Ooh ooh, and I tried some video on my camera at last, after owning it for 3 years.
Now let's see if I can figure out how to upload it.
[Ducking tomatoes thrown by certain person(s)]

Lesson learned: reading the owner's manual & actually learning to use all my camera's features might be an intelligent thing to do.

**sniff. Come back soon, either or both sisters. sniff**

Thursday, June 18, 2009

I'm a Guest Blogger! Whoo-Hoo!!

I know I talk about my workplace a lot - St. Mary's Home for Disabled Children.
There is a reason for that.
A very simple reason.

It is an extraordinary place
with extraordinary people
who do an extraordinary job
for extraordinary kids.

(I'm sure that sentence required some punctuation somewhere, but I like it better without.)

When St. Mary's started their own blog, I answered some questions for them,
being the experienced blogger that I am.
(Snort, choke, spew)

The author of that blog, Sonja, is one of my 3 faithful readers.
Wait, no, I'm up to 5 now, I think.
Recently she honored me with a request to write something for them as a guest blogger.

Hmmm, what to write about?

It only took a few minutes to realize what I wanted to say.
Something that struck me the first day I walked through the door in March 1992.

St. Mary's is a family, and a very special kind of family.

So, here is a slightly expanded version of my guest post for Sonja.
And Sonja, thank you for that opportunity.
It means a great deal to me.

St. Mary's Redefines 'Family'

In the next year, we will be experiencing a boatload of what has been, to now, an occasional occurrence. Our kids are growing up and leaving the nest.

Sure, there have been the infrequent families who move to another state, so their children must move with them, but that was the exception rather than the norm. Why is this year different?

The age limit for our kids has slowly crept up over the years, so we are now experiencing a large number of them aging out at the same time. This year we will be saying goodbye to numbers in the double digits. The reason this is on my mind now is that Dupree left a couple weeks ago, having turned 21 in January. He came to St. Mary’s when he was just over a year old, and I have known him for 17 years, which bring me to the point of this story.

What defines a family? If you look at it from a child’s perspective, your family is the people who love you, take care of you, see that you have all you need, comfort you when you are sick or sad, laugh with you, teach you, hug you, and kiss you. The staff at St. Mary’s meet every single one of those criteria. Our kids have a huge family, with more aunties and uncles and brothers and sisters than most kids will ever have. And that family crosses every single artificial barrier that society tends to impose. Things like race, religion, and national origin mean nothing when the heart of an adult that works here and the heart of a child that lives here make that magical connection. Our staff and kids come in every color, and they all blend into a beautiful rainbow of love.

I have seen busy nursing assistants take extra time to lovingly fix a little girl’s hair so that she looks extra-special that day. I have seen busy nurses pause to comfort a boy who is having trouble breathing. I have seen countless members of other departments, like maintenance, housekeeping, food service, education, and administration (just to name a very few) go out of their way to hug or talk to a child and make them feel special. I have seen so many examples of family love here that I am constantly awed.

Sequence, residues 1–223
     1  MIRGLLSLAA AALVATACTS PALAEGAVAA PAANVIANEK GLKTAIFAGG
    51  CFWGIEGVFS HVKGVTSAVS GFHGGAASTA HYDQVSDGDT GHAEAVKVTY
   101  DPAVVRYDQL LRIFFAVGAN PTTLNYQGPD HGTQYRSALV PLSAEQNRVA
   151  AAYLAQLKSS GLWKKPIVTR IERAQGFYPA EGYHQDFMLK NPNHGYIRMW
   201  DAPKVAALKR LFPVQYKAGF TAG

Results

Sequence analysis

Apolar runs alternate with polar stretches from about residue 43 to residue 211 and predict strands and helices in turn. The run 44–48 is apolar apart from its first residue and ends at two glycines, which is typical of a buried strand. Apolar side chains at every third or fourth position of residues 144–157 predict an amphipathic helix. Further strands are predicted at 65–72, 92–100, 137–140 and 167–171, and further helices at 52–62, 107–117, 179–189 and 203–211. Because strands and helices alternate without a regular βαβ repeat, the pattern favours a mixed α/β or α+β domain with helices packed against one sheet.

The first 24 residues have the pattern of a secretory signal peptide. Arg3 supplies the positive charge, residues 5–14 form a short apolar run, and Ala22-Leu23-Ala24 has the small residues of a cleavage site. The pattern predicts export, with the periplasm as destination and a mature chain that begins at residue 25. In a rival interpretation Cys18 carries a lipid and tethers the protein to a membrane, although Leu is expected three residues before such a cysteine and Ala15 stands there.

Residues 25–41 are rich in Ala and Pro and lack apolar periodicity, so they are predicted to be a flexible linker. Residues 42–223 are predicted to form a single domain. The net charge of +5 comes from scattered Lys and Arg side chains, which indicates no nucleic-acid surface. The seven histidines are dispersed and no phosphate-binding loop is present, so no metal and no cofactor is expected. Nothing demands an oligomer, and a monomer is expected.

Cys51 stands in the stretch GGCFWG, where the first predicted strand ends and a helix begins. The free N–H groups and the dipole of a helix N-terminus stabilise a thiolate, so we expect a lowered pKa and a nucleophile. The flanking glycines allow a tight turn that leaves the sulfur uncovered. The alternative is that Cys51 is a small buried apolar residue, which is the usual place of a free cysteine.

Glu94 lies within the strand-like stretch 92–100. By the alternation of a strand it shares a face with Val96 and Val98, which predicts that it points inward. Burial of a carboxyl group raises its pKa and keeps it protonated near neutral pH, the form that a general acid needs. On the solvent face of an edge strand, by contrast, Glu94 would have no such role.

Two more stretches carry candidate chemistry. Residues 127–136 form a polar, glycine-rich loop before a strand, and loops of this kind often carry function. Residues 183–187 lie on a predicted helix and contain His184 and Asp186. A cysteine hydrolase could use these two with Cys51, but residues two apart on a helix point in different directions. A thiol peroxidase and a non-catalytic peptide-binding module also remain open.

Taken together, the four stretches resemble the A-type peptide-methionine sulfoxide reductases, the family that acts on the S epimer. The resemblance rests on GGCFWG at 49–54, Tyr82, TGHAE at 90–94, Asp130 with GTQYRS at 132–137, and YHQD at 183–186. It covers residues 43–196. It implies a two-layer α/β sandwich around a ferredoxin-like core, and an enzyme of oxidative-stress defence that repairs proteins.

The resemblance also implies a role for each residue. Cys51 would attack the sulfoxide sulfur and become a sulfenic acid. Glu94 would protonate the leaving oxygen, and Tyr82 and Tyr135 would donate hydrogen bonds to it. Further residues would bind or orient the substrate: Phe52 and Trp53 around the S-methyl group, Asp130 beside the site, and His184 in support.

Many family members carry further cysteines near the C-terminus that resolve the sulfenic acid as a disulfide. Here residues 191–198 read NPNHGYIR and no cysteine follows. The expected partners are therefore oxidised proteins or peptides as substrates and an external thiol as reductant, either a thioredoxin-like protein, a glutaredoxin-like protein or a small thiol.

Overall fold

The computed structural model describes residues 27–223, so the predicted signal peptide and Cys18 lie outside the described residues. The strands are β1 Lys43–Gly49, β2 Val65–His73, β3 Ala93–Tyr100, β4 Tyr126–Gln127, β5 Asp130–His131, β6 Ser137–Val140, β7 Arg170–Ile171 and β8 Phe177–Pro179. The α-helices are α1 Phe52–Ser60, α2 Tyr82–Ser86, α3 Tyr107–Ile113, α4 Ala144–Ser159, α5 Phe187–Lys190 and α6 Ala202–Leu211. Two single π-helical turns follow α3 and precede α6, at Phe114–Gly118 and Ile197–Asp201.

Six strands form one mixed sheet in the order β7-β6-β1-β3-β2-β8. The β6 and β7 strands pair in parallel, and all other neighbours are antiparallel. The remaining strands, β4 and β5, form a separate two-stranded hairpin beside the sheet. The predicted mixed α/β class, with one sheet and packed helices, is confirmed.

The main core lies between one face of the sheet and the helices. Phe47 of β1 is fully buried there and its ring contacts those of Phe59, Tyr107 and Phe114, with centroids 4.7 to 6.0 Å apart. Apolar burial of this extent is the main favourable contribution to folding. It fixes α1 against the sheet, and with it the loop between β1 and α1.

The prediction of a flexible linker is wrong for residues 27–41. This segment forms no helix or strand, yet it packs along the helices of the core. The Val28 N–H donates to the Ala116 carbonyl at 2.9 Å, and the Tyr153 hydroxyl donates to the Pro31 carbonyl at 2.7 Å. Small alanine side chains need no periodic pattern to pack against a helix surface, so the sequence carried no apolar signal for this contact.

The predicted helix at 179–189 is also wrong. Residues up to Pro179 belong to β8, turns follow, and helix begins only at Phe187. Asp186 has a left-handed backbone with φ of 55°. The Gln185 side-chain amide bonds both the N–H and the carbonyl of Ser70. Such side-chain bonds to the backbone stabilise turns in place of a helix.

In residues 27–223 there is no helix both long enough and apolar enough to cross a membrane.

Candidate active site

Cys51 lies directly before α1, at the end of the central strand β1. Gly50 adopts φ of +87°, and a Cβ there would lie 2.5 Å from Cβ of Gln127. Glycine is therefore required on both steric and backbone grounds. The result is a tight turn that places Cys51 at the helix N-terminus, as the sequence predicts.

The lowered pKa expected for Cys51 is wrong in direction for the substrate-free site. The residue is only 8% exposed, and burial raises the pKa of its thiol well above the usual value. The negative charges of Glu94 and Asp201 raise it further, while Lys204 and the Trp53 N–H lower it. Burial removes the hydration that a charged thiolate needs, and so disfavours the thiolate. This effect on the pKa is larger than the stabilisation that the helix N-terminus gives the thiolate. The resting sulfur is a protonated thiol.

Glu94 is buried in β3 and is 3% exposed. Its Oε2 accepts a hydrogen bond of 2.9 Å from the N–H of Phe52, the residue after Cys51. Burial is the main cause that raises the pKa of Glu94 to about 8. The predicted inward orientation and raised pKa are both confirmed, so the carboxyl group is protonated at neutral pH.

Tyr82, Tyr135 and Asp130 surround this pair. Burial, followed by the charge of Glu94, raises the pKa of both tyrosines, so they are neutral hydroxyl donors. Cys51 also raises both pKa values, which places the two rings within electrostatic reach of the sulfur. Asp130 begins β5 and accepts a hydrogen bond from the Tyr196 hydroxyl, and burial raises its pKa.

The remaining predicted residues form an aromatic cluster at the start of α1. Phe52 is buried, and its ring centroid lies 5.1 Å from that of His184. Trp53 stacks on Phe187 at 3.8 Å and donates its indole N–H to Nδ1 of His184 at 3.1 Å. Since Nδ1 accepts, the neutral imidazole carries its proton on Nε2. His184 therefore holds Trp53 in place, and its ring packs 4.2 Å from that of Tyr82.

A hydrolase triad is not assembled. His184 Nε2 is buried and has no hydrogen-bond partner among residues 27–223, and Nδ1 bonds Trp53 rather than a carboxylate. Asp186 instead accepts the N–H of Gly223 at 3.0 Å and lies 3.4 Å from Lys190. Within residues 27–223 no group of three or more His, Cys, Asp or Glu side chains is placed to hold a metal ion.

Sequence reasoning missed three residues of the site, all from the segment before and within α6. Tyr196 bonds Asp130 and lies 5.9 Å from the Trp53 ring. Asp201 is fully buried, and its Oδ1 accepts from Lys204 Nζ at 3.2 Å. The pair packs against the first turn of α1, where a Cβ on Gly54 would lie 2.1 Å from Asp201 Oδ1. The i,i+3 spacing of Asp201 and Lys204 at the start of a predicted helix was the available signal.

So when one of our children grows up, when it is time for them to move on, we say goodbye with sadness and heavy hearts. That face that we have to come to love, and to count on seeing every day, will no longer be here. It takes a while for it to sink in, but when it does, the pang of separation is there. They were, are, and forever will be part of our family.

All photos by Wéyo, a group of gifted photographers, journalists and marketing professionals
who specialize in giving the stories of non-profit organizations a life, who
"effectively communicate the power, depth and ideals of the organizations they work with."

I couldn't decide which of the pictures I liked the best, so I included a bunch of them.

Wednesday, June 17, 2009

My magnolia tree is a pain in the ass

Uh oh, I said a bad word again.
And didn't I say that about BS a couple days ago?
Yep, I did.
My hindparts have been sore lately, huh?

Objectively speaking, my magnolia tree is a magnificent specimen.
It is huge, of a size rather unusual in a residential neighborhood, and quite showy.

But a pain in the ass.

The Magnolia grandiflora is the archetype of the grand old south.
It oozes images of antebellum gentility.
It has Tara written all over it.

It also oozes crap all over the yard, and this is crap season.
The leaves are thick, tough, and leathery.
You can't mulch them, and they NEVER break down.

The seed pods are large and hard . . .

(no, I won't go there. My mother reads this)

. . . but they are difficult to avoid during mowing,
and when I do run over one,
it sounds like gunshots under the deck of the mower.

BUT . . .

In the dead of winter, it's glossy greenness is a bright spot of cheer
amidst the brown & bare branches of its deciduous cousins.
My neighbors will come clip leaves to use in their Christmas decorating,
(because they last pretty much FOREVER).

In the summer, it provides shade like no other tree I have (and I have a LOT of trees),
much to my neighbor's delight.

When I go outside during it's blooming season,
the air is redolent with its special sweetness.
And when the blooms fall off and I mow them up,
the fragrance permeates my yard.

I can put my chair under its branches
(which swoop lower to the ground every year)
and have a secluded, cool, green haven to watch the neighborhood go by on a warm evening.
If I look up, the sunlight trickles through to paint dappled pictures at my feet.

Did I mention that I love this tree?